Opium addict and derelict: The extraordinary life of Francis Thompson, Christian poet

A great Christian poet died today in 1907. His life was hard and his end came sadly too soon, but Francis Thompson is remembered for some of the greatest spiritual verse in the English language.

Born in 1859 in Preston, Lancashire, he was destined by his Catholic doctor father for the medical profession. He had neither the aptitude nor the interest, however, and after suffering a nervous breakdown ended up running away, penniless, to London.

WikipediaFrancis Thompson at the age of 19.

While he had no interest in his father's profession, he had a passion for poetry and was a gifted writer. It was hard for him to support himself in this career, however, and he took odd jobs – working for a bootmaker and selling matches among them – in order to survive.

He became addicted to opium and lived rough on the streets of Charing Cross and the Embankment. He was rescued by the kindness of a prostitute, who he never identified but regarded as his 'saviour'.

He continued to write poetry and was 'discovered' by the poets and publishers Wilfred and Alice Meynell, who took him into their home and cared for him. Thompson became a well-known and respected poet, essayist and spiritual writer, but he never recovered from the hardships of his earlier years. He died at the age of 47.

While many of his poems are profoundly beautiful and insightful, two stand out. His most famous is The Hound of Heaven, which characterises God as a relentless tracker, hunting down his human quarry:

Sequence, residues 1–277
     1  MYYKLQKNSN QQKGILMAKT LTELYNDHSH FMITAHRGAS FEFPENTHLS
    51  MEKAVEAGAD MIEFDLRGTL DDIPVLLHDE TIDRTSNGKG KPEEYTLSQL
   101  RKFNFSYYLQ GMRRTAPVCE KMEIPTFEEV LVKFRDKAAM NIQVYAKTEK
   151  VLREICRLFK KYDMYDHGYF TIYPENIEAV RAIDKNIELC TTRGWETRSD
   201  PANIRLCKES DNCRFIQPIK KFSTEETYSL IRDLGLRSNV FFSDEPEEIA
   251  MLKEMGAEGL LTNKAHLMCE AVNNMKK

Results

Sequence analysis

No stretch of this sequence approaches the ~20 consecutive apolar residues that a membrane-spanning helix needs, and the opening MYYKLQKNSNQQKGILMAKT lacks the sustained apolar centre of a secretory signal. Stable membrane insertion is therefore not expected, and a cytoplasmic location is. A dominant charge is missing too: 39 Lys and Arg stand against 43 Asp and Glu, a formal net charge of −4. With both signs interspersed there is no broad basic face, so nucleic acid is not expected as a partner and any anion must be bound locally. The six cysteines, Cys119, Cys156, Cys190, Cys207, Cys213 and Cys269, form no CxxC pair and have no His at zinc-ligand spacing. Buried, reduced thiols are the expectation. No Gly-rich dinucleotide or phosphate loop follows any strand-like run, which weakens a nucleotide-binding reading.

I fled Him, down the nights and down the days;
I fled Him, down the arches of the years;
I fled Him, down the labyrinthine ways
Of my own mind...

It is mesmerising in its depiction of the inexorable follower, revealed in the last lines to be eternal love. One of the great recordings is by Richard Burton.

The other for which he is particularly remembered is In No Strange Land. It begins:

O world invisible, we view thee,
O world intangible, we touch thee...

Its theme is a favourite of Thompson's – that God is in all things and always nearer than we think. It's full of extraordinarily arresting images:

The angels keep their ancient places –
Turn but a stone and start a wing!

The angels are still there; we are the ones who are blind:

'Tis ye, 'tis your estrangèd faces,
That miss the many-splendoured thing.

And his pictures of 'the traffic of Jacob's ladder/ Pitched between heaven and Charing Cross' and of 'Christ walking on the water/ Not of Gennesareth, but Thames' hark straight back to his experiences of God's presence in his destitution.

Francis Thompson was a troubled soul who found his calling after many trials. His vision still blesses us today.

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